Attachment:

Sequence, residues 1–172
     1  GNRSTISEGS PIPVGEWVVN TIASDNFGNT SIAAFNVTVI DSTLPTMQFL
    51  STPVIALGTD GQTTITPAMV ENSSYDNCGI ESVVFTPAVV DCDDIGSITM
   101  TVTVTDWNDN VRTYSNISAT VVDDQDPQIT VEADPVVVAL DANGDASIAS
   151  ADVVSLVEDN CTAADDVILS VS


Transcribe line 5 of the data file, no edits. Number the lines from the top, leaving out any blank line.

   151  ADVVSLVEDN CTAADDVILS VS